first_imgTuesday 21 April 2015 9:04 pm More From Our Partners Matt Gaetz swindled by ‘malicious actors’ in $155K boat sale boondogglenypost.comAstounding Fossil Discovery in California After Man Looks Closelygoodnewsnetwork.orgWhy people are finding dryer sheets in their mailboxesnypost.comRussell Wilson, AOC among many voicing support for Naomi Osakacbsnews.comBrave 7-Year-old Boy Swims an Hour to Rescue His Dad and Little Sistergoodnewsnetwork.orgWhite House Again Downplays Fourth Possible Coronvirus Checkvaluewalk.comNative American Tribe Gets Back Sacred Island Taken 160 Years Agogoodnewsnetwork.orgInstitutional Investors Turn To Options to Bet Against AMCvaluewalk.comPolice Capture Elusive Tiger Poacher After 20 Years of Pursuing the Huntergoodnewsnetwork.orgPuffer fish snaps a selfie with lucky divernypost.comInside Ashton Kutcher and Mila Kunis’ not-so-average farmhouse estatenypost.comKiller drone ‘hunted down a human target’ without being told tonypost.comSupermodel Anne Vyalitsyna claims income drop, pushes for child supportnypost.comBiden received funds from top Russia lobbyist before Nord Stream 2 giveawaynypost.comFlorida woman allegedly crashes children’s birthday party, rapes teennypost.comKamala Harris keeps list of reporters who don’t ‘understand’ her: reportnypost.com‘Neighbor from hell’ faces new charges after scaring off home buyersnypost.com980-foot skyscraper sways in China, prompting panic and evacuationsnypost.com Express KCS whatsapp whatsapp Tags: NULL THE LIBERAL Democrats are increasing the pressure on the Chilcot inquiry in to the Iraq war to release its findings as soon as possible.Reports emerged yesterday that the process that allows those criticised to respond is being further delayed. The party’s foreign affair’s spokesman, Tim Farron, described the possibility that the report may now not be out until next year as “deeply concerning.”“ It is simply not good enough for this process to be continually delayed and the report must be published” he added.The Iraq Inquiry declined to comment on the report’s release. Release Chilcot report demand the Lib Dems Show Comments ▼ Share last_img read more

Westfield ramps up expansion with launch of $2.5bn projects

first_img Tags: NULL Read This NextRicky Schroder Calls Foo Fighters’ Dave Grohl ‘Ignorant Punk’ forThe WrapThe Truth About Bottled Water – Get the Facts on Drinking Bottled WaterGayot’Drake & Josh’ Star Drake Bell Arrested in Ohio on Attempted ChildThe WrapDid Donald Trump Wear His Pants Backwards? Kriss Kross Memes Have AlreadyThe WrapCNN’s Brian Stelter Draws Criticism for Asking Jen Psaki: ‘What Does theThe WrapHarvey Weinstein to Be Extradited to California to Face Sexual AssaultThe Wrap’Black Widow’ First Reactions: ‘This Is Like the MCU’s Bond Movie’The WrapWatch President Biden Do Battle With a Cicada: ‘It Got Me’ (Video)The Wrap’The View’: Meghan McCain Calls VP Kamala Harris a ‘Moron’ for BorderThe Wrap whatsapp Thursday 27 August 2015 5:52 am AUSTRALIAN shopping centre owner Westfield is gearing up its expansion with plans to kick-off $2.5bn (£970m) of projects this year, including its £600m extension of Westfield London. The retail giant spun off its Australian and New Zealand operations into a separate business last year to focus on its growing international business.Westfield’s joint chief executives Peter Lowy and Steven Lowy said the benefits were already being seen in the progress being made to its $11.4bn development program.“This year we expect to commence $2.5bn of projects, having already commenced $1.6bn of redevelopments to-date in 2015 including Century City in Los Angeles and UTC in San Diego, with the expansion at Westfield London expected to commence later this year,” they said yesterday. Westfield posted $465.9m profits for the six months to 30 June, with no comparable figure for last year when it had yet to split from its domestic operation Scentre. The firm said the performance of the two UK centres, Westfield London and Stratford City, “remains strong” with the centres now generating annual sales of £2.1bn from over 70m annual customer visits. Express KCS Sharecenter_img by Taboolaby TaboolaSponsored LinksSponsored LinksPromoted LinksPromoted LinksYou May LikeMoneyPailShe Was A Star, Now She Works In ScottsdaleMoneyPailSwift VerdictChrissy Metz, 39, Shows Off Massive Weight Loss In Fierce New PhotoSwift VerdictPost FunKate & Meghan Are Very Different Mothers, These Photos Prove ItPost FunMaternity WeekA Letter From The Devil Written By A Possessed Nun In 1676 Has Been TranslatedMaternity WeekEquity MirrorThey Drained Niagara Falls — They Weren’t Prepared For This Sickening DiscoveryEquity MirrorGameday NewsNBA Wife Turns Heads Wherever She GoesGameday Newszenherald.comMeghan Markle Changed This Major Detail On Archies Birth Certificatezenherald.comTheFashionBallAlica Schmidt Is The Most Beautiful Athlete To ExistTheFashionBallOpulent ExpressHer Quadruplets Were Born Without A Hitch. Then Doctors Realized SomethingOpulent Express Show Comments ▼ Westfield ramps up expansion with launch of $2.5bn projects whatsapp last_img read more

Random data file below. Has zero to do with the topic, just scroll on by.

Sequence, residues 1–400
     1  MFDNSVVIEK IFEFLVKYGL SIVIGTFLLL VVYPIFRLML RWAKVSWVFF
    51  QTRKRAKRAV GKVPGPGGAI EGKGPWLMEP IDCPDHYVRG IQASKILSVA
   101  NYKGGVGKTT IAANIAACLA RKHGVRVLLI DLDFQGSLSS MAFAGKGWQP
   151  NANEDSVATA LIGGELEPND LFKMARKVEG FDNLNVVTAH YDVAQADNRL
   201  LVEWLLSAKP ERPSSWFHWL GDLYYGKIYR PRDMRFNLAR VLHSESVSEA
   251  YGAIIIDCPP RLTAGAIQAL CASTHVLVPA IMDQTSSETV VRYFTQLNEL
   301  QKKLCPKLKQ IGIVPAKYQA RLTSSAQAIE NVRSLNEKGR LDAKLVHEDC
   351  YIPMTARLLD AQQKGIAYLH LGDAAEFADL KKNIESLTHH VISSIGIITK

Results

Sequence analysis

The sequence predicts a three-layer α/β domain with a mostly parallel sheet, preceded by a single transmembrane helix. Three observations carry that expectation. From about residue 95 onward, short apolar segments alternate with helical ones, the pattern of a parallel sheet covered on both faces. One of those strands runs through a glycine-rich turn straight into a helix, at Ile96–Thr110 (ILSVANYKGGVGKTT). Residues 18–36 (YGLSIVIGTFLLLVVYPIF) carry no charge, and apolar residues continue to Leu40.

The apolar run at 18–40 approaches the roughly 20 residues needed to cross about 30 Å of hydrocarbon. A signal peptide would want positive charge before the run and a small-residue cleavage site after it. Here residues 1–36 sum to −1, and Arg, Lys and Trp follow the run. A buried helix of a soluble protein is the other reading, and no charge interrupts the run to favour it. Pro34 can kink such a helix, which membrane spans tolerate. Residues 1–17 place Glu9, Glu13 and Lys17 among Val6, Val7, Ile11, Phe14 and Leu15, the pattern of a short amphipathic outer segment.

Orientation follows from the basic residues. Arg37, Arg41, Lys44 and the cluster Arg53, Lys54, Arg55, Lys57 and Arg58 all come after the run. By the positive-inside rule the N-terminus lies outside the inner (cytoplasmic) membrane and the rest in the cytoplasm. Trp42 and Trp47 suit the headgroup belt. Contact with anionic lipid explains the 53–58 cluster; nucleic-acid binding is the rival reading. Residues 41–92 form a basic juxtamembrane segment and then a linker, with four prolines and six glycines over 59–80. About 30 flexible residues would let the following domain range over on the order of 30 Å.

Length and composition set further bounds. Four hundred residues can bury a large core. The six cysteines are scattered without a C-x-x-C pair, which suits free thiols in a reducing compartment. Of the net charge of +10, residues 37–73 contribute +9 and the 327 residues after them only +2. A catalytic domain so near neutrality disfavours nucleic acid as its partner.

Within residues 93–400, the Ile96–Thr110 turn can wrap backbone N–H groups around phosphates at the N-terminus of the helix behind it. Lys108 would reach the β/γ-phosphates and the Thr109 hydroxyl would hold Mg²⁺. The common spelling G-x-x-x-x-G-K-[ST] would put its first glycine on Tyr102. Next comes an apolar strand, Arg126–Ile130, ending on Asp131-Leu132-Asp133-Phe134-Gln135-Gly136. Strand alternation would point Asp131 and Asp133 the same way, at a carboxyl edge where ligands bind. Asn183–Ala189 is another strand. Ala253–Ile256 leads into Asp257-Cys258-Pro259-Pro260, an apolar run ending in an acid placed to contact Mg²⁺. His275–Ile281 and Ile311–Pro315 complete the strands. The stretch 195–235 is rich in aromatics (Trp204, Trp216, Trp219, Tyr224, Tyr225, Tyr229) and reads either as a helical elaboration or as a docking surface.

What using animals for scientific research taught me about myself